They sought “how they might entangle him in his talk.” There was no reality with these religious leaders. They endeavored to set a trap for Jesus, hoping he would incriminate Himself in some way so they could hold Him up to the scorn of the people or report Him to the governor as a rebel against Roman authority.

“The Herodians.” These constituted a pro-Roman party in Jewry, who were venal and corrupt and thoroughly worldly minded. These joined with the professedly pious Pharisees and came tempting Jesus. “Master, we know that thou art true.” It was a subtle effort to flatter the Lord Jesus and to inveigle Him into saying something which could be used against Him.

“Is it lawful to give tribute … or not?” This was a vexed question in Judea. The Pharisees generally answered in the negative, the Herodians in the positive, though both obeyed the law.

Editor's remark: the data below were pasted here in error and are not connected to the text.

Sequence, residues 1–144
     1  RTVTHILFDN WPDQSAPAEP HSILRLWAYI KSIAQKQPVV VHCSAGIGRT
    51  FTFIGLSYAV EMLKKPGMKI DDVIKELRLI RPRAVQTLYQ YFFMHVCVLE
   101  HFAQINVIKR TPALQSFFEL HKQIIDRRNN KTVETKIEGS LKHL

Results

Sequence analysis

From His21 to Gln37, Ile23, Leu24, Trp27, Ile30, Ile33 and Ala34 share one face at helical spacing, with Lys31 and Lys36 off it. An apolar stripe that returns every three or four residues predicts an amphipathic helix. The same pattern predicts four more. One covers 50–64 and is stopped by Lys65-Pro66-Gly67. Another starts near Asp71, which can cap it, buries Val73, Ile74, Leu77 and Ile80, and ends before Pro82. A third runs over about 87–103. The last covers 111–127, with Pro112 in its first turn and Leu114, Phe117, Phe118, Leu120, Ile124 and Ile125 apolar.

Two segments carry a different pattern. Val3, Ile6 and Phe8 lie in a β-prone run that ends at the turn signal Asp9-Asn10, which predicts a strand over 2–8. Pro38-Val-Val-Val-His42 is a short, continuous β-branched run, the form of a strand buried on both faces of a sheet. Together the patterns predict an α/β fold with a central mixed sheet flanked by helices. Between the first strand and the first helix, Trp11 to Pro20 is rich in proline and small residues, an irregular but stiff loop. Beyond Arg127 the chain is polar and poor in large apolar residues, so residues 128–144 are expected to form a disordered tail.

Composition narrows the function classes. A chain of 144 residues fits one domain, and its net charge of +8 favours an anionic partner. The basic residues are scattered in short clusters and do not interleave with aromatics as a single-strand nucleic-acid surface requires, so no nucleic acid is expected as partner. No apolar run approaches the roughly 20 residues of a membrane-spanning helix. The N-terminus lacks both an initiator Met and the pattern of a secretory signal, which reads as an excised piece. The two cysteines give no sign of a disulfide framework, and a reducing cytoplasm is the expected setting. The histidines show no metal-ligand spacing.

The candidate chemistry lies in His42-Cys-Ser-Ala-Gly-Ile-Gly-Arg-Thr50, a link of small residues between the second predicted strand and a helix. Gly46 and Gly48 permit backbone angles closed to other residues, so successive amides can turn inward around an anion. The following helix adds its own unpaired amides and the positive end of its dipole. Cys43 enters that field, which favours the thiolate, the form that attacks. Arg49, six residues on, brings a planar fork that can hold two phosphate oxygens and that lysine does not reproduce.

“Jesus perceived their wickedness.” He “knew what was in man” (John 2:25; 16:30), and so discerned at once the hypocrisy of these crafty questioners.

“Show me the tribute money.” Jewish-Palestinian coins were not used for this purpose, but special Roman currency, which was of far greater value.

“Whose is this image and superscription?” These coins bore the emperor’s likeness and a Latin inscription of his name and rank.

“Render unto Caesar the things which are Caesar’s; and unto God the things that are God’s.” In these words Jesus definitely answered their question by showing that the people of God are responsible to Him in things spiritual, but must be obedient to the powers that be in things civil and national.

“They marvelled, and left him, and went their way.” They perceived the rightfulness and the wisdom of His reply, but they evinced no desire to become His disciples. Willfully they turned away from Him to follow their own devices.

To stress the first part of the words of Jesus, “Render … unto Caesar the things which are Caesar’s,” while forgetting the last part, “unto God the things that are God’s,” is to miss altogether the truth He was insisting upon. Are we as much concerned about loyalty to God as we are about loyalty to the country to which we belong and the government under which we live?